The field of synthetic biology holds a great promise for the design, construction and development of biological systems (artificial or modified), by offering viable new routes to ‘genetically modified’ organisms, smart drugs and hybrid computational-biological devices. The informed manipulation of such biological systems could have an enormous positive impact on our societies, with its effects being felt across a range of activities such as the provision of healthcare, environmental protection and remediation to the construction of smarter more ubiquitous bio-integrated computing systems, etc.
The basic premise of synthetic biology is that methods commonly used to build non-biological systems, such as those employed in the computational sciences and the engineering disciplines that can deal with large and complex systems, could also be used to specify, design, implement, test and deploy novel synthetic biosystems. Synthetic biology lies at the interface of a variety of disciplines ranging from biology through chemistry, physics, computer science, mathematics and engineering.
Two communities are emerging within synthetic biology, namely top-down - i.e. knocking out or modifying functions of existing cells, and bottom-up - that is construction of artificial systems from first principles, protocells, etc. The aim of this conference is to generate new vigorous interactions between the disciplines that impinge on (and contribute to) Synthetic Biology, and to bring together in the same context top-down and bottom-up researchers.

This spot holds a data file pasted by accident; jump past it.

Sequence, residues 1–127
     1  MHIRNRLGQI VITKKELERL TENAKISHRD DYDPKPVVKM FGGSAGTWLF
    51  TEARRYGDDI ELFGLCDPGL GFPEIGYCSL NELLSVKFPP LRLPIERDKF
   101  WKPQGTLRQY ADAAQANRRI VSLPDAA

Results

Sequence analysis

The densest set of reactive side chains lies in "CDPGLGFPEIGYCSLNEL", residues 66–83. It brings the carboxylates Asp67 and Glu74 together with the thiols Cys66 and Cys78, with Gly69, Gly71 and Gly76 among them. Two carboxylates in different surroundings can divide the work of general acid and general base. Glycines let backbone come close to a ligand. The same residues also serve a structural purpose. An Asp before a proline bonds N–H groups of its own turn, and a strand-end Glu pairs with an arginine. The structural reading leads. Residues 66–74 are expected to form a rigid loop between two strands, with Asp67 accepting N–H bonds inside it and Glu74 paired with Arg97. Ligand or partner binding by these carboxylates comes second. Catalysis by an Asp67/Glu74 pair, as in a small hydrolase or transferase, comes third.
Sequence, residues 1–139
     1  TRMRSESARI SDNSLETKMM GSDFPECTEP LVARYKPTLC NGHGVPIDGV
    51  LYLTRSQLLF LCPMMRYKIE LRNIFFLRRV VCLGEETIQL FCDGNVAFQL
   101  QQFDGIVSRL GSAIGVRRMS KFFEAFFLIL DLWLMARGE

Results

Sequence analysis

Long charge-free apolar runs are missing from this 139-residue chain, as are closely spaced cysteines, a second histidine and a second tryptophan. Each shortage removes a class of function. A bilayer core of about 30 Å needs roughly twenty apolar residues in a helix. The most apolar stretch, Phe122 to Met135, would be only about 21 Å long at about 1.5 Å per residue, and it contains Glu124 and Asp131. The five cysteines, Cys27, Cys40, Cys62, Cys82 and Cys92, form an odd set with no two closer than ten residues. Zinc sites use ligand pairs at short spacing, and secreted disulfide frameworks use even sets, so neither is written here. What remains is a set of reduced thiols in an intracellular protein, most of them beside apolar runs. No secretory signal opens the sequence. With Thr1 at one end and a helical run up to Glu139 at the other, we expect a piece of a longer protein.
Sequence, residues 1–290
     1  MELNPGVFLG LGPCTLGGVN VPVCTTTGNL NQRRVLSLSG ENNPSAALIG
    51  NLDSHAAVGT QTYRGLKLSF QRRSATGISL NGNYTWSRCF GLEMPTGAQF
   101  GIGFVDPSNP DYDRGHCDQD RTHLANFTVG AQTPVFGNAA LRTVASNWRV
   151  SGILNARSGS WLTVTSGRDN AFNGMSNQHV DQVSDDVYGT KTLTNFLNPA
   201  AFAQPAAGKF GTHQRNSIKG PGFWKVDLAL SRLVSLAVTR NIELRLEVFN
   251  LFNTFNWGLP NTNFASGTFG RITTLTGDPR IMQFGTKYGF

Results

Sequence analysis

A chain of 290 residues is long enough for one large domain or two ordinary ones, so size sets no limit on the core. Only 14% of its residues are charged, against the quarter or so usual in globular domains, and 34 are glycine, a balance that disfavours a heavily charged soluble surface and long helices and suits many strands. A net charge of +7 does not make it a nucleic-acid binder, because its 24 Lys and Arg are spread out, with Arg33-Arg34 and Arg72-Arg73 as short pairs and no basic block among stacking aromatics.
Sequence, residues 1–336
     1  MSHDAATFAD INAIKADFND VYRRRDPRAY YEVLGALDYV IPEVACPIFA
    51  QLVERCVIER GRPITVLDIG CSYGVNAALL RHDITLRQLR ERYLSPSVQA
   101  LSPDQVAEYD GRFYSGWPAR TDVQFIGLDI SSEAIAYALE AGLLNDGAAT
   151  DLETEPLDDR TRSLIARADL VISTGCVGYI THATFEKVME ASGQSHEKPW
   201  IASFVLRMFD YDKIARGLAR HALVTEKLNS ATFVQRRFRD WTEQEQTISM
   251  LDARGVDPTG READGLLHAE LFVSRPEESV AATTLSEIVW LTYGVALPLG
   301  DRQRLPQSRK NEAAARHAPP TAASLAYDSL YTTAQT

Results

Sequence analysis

ECSB 2009 is the second conference in the series. It will comprise invited talks by internationally known scientists who are leaders in their fields, tutorials to introduce young researchers to Synthetic Biology, contributed talks and posters. We expect this to be a major international and multi-disciplinary scientific and educational event. The conference will be limited to just over 100 participants, in a venue whose environment is highly conducive to networking and scientific interactions.
Some, but not all, of the topics to be presented in the conference include: DNA sequencing and synthesis, chemical and biological networks, computational techniques (modelling, data mining, optimisation) for synthetic biology, minimal genomes, evolution (natural, directed and simulated), origins of life, biological systems, cell cycles and circuits, and infrastructures for synthetic biology, minimal cells.
Applications are invited for contributed talks, and poster abstracts. Limited funding is available – please apply early.